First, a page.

If that's not rigging the game for results, I don't know what is.

Sic Semper Tyrannis said...

I like the paper but I think you focus to much on the negatives. Groups can allow for safety and a place to bounce ideas, very similar to stated goal for your other blog. Everyone uses generalizations (see I just did). All who comment here do. I site the examples of the biases against republicans. If stereotypes were to disappear tomorrow, most comics would be out of work. Stereotypes can be and many are funny. Get cranky at all the people who position themselves as a micrcosm or a larger organism if you want. Aren't you part of a family, part of the drop-in center, a liberal, a democrat. The groups you gravitate to help define you as an individual, and its not a bad thing. Being a member of the group doesn't mean you agree with everything of that group and it shouldn't. I think the problem really lies with the people who try to put ALL the dogma of the group on each individual of that group.

I think you are more than you identified. Just try to look at the bright side, you are unique, just like everyone else.

Spencer Troxell said...

I hope I conveyed that I was more than just a blender full of group affiliations.

I agree that group affiliation can be meaningful and enriching. I just think it's also important for individuals to realize that they are ends unto themselves, and should feel no responsibility or compulsion to speak or act for some collective. I think it's healther for us as people to be proud of what we create and how we treat each other, rather than being proud or ashamed because of the accidents of our birth.

GbiZ said...

I think youre right about your wasp privilege allowing you to take such an enlightened view. Not to say that its bad, i dont think it is, but to say that you should go easy on those who find comfort in groups. We who are disadvantaged find strength and a voice in numbers.

Spencer Troxell said...

Thanks, G. Maybe I didn't communicate my point well enough. Probably one of the shortcomings of posting your school papers as blog posts is that a lot of the context is lost.

Finding comfort/support in groups is fine, the problem arises when we only view others/ourselves as representatives of some imagined group that we belong to.

Sic Semper Tyrannis said...

"Finding comfort/support in groups is fine, the problem arises when we only view others/ourselves as representatives of some imagined group that we belong to."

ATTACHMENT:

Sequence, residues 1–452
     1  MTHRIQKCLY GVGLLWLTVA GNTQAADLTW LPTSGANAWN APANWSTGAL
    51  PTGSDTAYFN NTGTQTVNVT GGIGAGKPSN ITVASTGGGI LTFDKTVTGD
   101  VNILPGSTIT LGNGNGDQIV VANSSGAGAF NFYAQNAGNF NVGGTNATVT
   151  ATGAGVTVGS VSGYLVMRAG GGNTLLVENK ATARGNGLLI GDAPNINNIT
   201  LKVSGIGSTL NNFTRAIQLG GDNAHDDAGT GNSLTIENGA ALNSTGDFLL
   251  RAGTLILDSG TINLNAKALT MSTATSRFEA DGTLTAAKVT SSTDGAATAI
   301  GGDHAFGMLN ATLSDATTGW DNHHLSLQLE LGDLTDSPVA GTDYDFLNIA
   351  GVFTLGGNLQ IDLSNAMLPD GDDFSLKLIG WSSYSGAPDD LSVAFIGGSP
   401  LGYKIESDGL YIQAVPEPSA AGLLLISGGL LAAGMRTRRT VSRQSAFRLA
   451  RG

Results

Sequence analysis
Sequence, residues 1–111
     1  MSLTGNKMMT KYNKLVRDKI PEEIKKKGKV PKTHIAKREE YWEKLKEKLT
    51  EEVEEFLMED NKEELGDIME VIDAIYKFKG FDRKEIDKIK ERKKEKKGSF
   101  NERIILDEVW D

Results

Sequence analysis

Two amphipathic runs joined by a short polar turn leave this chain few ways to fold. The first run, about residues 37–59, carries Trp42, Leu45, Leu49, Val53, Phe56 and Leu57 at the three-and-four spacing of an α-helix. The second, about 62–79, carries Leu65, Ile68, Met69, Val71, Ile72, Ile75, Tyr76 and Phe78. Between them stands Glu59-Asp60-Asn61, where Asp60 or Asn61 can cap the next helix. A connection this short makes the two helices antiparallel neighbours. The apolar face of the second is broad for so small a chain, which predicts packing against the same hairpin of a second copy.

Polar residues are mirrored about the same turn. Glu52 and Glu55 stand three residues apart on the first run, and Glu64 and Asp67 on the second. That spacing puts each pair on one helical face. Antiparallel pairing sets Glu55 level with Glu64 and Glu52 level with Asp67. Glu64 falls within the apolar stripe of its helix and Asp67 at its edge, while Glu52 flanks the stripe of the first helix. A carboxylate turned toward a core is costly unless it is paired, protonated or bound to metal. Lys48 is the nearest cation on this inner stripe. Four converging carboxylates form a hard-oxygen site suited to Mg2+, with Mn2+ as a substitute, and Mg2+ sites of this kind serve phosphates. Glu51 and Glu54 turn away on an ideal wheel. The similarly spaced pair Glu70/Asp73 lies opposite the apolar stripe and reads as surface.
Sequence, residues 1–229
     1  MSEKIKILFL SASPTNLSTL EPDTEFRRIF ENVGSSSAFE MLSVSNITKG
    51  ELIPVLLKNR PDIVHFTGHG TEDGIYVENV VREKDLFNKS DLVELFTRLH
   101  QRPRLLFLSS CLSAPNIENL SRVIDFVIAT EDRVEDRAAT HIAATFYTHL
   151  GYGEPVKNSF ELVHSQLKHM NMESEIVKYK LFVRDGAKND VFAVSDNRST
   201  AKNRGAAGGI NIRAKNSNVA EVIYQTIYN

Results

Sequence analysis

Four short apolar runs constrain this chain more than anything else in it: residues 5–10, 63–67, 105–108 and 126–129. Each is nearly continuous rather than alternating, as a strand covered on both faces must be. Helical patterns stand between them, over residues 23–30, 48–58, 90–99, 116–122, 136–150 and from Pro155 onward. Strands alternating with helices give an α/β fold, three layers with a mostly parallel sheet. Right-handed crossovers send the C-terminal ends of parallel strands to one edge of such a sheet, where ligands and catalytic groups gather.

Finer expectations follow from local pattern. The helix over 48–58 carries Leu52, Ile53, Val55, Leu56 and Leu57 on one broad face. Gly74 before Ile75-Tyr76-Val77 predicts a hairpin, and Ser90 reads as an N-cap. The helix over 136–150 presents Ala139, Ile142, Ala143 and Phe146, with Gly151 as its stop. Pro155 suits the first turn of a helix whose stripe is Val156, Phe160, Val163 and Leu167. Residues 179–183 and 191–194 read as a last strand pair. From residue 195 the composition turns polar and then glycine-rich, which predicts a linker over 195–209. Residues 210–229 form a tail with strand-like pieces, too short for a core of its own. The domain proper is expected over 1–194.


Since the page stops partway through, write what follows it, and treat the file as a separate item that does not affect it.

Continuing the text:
I believe that someone who sees themselves as a representative of a group (real or imagined), is doing a good thing. They are taking some ownership and responsibility for the group. I don't believe anyone sees themselves only as a member of a group(s). Some one being dedicated to a cause or group does have other interests and associations that are important to them.

The only real problem comes from someone who tries to project their perception of a group on an individual who claims an alliance with the group. They may have an agreement with the group but few if any have all the beliefs of the group. Those who want to see all members of any group as the perception of the group are the true biggots. Example: Not all Yankee fans are battery throwing a**holes, even though many are.

There is nothing wrong with being proud of a group that you are born into or even accidentally associated with. Taking pride in the group and working to make the group better also may make you better.

Sic Semper Tyrannis said...

"I think you're right about your wasp privilege allowing you to take such an enlightened view. Not to say that its bad, i dont think it is, but to say that you should go easy on those who find comfort in groups. We who are disadvantaged find strength and a voice in numbers."

I agree that taking advantage of a privelage is not a bad thing. Abusing a privelage would be. Also, I agree that groups help empower individuals to be stronger than they would be alone. All good reasons to members of a group.

I think there are also times where one group percieves another has an advantage where one does not exist. Being born a WASP does not mean you are guaranteed a job or a family connection to advancement, it means you are more likely to be taught the value of working and education so that more doors open to you. Prisons have many WASPs where that advantage was lost. Another group may see WASPs as having an advantage, and they do, but in many cases it is a learned advantage that can be adopted by any other group. I'm not saying this is the only WASP advantage, but it is an important one.

Spencer Troxell said...